Rõivas told ETV on Thursday that although Tallinn TV (TTV) has formally met the requirements to obtain a license, they are not an objective channel and often use airtime for blatant propaganda for the Center Party, which rules Tallinn, or statements that undermine the credibility of the state (its vocal criticism of e-voting) and pro-Kremlin.
Indrek Ibrus, an adviser on audiovisual media to the Estonian Ministry of Culture and a research fellow at Tallinn University, said that Rõivas should take a few steps back and admit that if a license has been approved and the channel is obligated to report news, there is no point in hindering it. In his view, the move violates the principle of media freedom and it would raise questions abroad.
IRL's Anvar Samost, a long-time head of the Baltic News Service and former editor of Postimees daily, said that Rõivas attempts to ride the wave of a popular issue, but more problematically, takes it upon himself to decide who is a journalist and who is not.
Former journalist and member of the Center Party Heimar Lenk said the content of the television programs should not be a concern of the prime minister, but he is obligated to talk to the Estonian press and give information at the government's press conferences.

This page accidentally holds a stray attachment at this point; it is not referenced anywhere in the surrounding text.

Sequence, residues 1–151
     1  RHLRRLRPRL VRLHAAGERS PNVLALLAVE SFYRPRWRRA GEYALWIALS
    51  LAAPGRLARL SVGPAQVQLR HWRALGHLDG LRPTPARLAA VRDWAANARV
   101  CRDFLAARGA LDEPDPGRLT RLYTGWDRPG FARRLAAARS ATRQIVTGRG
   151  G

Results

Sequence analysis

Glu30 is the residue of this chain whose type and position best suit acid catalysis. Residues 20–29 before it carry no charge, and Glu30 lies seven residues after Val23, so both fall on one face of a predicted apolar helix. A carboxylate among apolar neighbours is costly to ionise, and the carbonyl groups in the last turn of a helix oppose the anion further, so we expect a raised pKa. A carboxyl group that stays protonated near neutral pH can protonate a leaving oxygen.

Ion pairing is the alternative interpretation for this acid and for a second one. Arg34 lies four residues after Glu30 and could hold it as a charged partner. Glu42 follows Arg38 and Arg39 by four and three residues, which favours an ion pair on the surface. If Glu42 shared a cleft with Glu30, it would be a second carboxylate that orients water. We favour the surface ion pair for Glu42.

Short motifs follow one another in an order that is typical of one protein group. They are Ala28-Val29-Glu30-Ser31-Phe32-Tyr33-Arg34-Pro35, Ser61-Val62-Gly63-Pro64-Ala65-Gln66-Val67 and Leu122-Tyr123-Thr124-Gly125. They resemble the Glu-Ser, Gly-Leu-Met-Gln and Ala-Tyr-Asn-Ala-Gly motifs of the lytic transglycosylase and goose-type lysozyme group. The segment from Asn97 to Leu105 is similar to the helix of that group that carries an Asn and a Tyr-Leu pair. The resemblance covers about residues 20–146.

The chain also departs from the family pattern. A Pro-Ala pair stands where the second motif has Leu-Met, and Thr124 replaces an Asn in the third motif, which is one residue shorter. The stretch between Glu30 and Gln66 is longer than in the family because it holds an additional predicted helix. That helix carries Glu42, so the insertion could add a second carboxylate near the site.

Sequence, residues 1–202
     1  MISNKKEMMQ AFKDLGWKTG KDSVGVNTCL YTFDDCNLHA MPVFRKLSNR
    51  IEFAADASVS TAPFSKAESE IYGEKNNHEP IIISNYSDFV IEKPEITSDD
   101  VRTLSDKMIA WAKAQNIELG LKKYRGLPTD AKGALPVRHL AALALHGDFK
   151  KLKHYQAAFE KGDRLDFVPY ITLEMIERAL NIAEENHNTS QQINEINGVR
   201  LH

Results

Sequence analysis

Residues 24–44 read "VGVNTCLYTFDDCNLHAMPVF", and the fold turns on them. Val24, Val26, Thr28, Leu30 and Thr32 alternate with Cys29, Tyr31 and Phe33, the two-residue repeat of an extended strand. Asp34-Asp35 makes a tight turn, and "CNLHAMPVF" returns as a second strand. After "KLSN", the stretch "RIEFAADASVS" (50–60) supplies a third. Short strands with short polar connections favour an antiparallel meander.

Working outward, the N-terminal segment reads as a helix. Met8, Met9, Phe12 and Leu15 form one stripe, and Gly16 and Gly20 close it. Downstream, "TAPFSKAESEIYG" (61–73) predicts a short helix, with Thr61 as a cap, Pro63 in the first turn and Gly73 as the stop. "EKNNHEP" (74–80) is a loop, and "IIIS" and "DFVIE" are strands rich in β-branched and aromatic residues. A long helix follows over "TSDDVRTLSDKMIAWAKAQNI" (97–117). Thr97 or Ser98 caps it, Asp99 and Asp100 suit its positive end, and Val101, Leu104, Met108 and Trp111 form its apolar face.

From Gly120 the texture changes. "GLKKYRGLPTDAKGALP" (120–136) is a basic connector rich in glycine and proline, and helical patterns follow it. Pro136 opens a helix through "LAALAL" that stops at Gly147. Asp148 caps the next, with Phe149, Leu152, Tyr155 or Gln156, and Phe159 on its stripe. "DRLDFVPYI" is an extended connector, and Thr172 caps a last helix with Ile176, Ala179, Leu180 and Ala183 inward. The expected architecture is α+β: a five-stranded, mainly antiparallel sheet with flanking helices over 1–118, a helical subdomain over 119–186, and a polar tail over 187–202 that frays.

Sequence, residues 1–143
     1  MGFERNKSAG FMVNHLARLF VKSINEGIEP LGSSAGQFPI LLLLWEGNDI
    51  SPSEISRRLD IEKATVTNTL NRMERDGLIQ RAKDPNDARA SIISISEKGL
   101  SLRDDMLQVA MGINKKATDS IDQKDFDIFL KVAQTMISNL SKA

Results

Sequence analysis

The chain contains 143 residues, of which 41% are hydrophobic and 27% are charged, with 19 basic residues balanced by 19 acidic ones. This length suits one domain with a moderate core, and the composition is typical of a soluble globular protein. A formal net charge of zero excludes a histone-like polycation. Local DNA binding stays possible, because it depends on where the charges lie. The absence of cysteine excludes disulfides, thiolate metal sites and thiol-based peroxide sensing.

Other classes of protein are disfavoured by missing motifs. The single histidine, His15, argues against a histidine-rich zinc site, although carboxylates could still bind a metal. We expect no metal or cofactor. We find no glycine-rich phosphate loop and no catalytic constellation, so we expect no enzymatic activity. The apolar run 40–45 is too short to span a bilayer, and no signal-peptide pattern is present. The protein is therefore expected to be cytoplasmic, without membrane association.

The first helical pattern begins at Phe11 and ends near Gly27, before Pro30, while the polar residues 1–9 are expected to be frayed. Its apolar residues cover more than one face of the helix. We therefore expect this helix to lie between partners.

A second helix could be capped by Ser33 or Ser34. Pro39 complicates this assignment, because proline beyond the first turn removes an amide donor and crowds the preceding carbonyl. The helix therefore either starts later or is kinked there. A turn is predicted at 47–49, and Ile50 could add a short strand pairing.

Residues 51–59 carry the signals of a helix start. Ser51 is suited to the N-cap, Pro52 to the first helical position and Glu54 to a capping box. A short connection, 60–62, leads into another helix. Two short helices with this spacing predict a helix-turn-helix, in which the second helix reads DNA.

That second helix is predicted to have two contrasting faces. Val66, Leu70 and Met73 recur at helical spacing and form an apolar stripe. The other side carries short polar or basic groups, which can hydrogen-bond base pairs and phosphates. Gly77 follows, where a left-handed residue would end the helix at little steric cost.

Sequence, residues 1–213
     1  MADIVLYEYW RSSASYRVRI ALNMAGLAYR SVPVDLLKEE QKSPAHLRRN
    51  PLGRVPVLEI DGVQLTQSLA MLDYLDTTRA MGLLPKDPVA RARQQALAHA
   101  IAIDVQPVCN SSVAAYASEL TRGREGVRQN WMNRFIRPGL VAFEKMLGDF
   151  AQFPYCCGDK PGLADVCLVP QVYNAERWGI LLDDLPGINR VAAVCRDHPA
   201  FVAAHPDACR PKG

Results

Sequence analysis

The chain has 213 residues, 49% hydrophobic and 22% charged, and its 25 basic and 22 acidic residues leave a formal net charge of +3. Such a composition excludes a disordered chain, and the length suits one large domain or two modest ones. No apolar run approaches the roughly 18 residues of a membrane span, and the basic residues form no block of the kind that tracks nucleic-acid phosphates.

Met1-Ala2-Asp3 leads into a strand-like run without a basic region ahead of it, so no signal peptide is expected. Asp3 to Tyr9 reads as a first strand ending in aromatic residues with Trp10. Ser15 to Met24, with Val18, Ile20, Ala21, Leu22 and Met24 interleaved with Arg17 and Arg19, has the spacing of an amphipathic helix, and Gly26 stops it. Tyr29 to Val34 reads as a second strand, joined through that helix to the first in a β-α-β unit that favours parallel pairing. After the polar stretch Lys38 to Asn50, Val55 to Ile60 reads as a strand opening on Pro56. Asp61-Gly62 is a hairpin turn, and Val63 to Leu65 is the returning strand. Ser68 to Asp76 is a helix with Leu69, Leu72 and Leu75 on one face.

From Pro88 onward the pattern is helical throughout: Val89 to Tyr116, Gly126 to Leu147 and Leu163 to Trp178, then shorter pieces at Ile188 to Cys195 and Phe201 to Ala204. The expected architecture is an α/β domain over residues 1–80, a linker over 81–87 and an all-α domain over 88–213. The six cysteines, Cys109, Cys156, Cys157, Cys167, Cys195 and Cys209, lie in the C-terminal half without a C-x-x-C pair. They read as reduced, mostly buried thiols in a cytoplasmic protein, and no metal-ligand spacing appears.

MP Barbi Pilvre, a Social Democrat and a lecturer in the Institute of Communication at Tallinn University, said the municipal media is a problem, not just in the capital but in the entire country.
A number of Reform Party MPs have also criticized PM Taavi Rõivas for banning the city-operated Tallinn TV from government press conferences.
Rõivas banned the station from government press conferences last week, also tweeting: “all journalistic outlets are welcome to the conferences, but calling Tallinn TV journalism would be an insult to journalism.”